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Our Interns Laura, Megan, Maria Vittoria and Sai (from left to right) are attending the 144th WHO Executive Board Session. The 34 elected members come together each year to agree on the agenda for the upcoming World Health Assembly and discuss current health issues and solutions. 

WFPHA supports the integration of the young generation into the center of the health-related decision-making process and intercultural collaboration.

 

EBEB

The WFPHA officially supports the World Heart Foundation (WHF)’s statement delivered at the WHO Executive Board, in response to the Foundation for a Smoke-free World’s open letter.

In this statement, the WHF reminds the WHO of it’s commitment to protect their policy-making process from tobacco industry interference, and the Sustainable Development Goal they initiated which strengthens the implementation of the WHO Framework Convention on Tobacco Control in all countries. Moreover,the World Heart Foundation recommends that no government or organization should accept money from, endorse, or enter into partnerships with the Philip Morris International (PMI) funded “Foundation for a Smoke-Free World”.

Read the full statement here: https://bit.ly/2S0NFzn

Brushing Your Kids TeethBrushing Your Kids Teeth

The WFPHA Oral Health Working Group’s article “Integrating oral health with public health systems under the framework of the Global charter for the Public's Health” has been released in the International Dental journal.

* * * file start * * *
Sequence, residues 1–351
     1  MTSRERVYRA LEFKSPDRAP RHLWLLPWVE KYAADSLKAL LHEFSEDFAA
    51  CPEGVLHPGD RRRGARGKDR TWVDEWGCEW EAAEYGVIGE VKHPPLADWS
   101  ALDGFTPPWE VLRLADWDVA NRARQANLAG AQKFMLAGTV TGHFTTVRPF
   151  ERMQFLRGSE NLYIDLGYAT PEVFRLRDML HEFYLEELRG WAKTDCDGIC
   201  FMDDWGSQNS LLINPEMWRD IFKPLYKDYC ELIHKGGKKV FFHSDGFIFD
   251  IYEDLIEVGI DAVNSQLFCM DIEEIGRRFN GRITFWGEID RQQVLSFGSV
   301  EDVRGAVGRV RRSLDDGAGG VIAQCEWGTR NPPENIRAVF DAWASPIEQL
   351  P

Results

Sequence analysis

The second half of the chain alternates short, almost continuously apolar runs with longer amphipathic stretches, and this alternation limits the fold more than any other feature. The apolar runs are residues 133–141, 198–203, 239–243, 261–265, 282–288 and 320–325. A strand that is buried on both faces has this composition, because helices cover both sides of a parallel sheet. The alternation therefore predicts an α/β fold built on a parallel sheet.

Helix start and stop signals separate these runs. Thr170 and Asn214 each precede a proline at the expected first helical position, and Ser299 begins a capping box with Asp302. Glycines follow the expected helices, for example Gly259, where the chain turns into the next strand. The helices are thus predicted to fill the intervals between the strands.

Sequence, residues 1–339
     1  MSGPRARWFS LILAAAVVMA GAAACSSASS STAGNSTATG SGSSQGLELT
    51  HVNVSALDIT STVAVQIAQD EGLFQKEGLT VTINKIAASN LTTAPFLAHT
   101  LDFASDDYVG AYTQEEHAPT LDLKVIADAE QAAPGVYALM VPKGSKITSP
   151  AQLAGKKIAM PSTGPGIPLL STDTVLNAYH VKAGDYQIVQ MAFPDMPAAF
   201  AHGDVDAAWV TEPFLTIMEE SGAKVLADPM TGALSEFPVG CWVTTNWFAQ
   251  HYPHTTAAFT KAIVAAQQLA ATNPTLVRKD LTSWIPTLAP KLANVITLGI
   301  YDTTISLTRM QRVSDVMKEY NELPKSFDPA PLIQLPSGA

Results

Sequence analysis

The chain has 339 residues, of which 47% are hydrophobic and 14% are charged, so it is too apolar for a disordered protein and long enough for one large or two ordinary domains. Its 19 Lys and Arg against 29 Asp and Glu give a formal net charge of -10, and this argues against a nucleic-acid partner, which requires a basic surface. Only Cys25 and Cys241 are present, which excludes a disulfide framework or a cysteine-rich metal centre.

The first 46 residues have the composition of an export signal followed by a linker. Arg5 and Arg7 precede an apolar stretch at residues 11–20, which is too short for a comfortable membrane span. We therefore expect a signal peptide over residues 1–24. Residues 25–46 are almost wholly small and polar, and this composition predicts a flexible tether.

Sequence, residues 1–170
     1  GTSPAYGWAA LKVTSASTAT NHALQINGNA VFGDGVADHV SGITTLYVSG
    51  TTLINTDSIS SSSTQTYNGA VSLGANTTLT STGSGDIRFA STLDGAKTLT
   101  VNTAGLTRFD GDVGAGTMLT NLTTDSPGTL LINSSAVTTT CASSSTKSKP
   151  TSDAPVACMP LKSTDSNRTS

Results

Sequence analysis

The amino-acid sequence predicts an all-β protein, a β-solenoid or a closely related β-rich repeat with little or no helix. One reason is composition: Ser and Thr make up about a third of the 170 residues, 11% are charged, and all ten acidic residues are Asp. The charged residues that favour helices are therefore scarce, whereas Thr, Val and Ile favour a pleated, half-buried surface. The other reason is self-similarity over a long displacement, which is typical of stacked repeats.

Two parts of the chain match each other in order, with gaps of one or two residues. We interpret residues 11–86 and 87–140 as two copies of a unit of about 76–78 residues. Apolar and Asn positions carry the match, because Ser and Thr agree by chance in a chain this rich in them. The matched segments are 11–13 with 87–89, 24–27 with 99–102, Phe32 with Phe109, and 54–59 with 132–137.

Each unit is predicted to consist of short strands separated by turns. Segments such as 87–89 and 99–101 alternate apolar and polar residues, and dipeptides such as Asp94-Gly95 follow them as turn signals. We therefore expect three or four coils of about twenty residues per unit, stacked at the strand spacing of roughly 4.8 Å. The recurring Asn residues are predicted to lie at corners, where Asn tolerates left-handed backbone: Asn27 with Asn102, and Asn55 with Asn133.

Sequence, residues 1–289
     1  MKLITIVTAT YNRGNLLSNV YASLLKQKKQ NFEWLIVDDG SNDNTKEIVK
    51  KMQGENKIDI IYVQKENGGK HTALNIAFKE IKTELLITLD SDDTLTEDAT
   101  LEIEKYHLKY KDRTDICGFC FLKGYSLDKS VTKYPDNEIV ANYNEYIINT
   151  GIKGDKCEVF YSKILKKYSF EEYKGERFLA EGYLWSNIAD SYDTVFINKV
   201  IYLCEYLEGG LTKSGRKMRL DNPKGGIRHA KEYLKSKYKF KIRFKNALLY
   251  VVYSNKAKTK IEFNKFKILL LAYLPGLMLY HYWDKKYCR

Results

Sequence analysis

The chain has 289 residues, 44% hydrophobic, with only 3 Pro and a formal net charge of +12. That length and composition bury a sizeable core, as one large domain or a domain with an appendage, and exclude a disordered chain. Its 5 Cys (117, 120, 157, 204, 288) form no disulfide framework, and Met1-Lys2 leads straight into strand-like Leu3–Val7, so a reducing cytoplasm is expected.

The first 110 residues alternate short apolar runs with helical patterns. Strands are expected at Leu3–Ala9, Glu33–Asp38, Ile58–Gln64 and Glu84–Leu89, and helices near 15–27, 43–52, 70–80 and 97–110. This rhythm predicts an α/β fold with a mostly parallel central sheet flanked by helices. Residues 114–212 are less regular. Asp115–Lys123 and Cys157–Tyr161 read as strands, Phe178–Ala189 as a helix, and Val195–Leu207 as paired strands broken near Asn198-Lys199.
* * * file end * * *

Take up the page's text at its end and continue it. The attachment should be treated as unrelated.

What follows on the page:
Aimee Lee, Marta Lomazzi, Hyewon Lee and Raman Bedi joined forced to highlight oral health in the global health perspective and internationally call to action for all public health professionals to advocate the integration of oral health into public health systems.

Read the full article here.

Laetitia latest news websiteLaetitia latest news website

The first side session Professor Laetitia Rispel attended was called: “PHC: breaking the silos to make it happen”. Laetitia argued that Public Health is multidisciplinary by nature. She presented the Global Charter for the Public’s Health as an enabling framework to break down silos across levels of care and government ministries.

Laetitia concluded with a three-key message. First, she underlined the importance of shared values and philosophy on equity and social justice, which are central to the original Alma Ata declaration.Then, she insisted on the value of equal coalitions, partnerships and collaboration based on mutual respect. Finally, she highlighted the resilient health systems with PHC as the foundation.

Then she represented the WFPHA at a second session called: «Who needs to be in the modern primary health care team to achieve universal health coverage?". She pointed out the importance of taking into account the country’s global and economic development context in the discussion. She also claimed that a move towards inter-professional collaboration instead of making the case for each professional group would be a better alternative. Moreover, Laetitia reminded that the original Alma Ata declaration was also about community participation and intersectoral collaboration, hence the person, or patient should be at the centre of health care delivery and the healthcare team should work from that premise.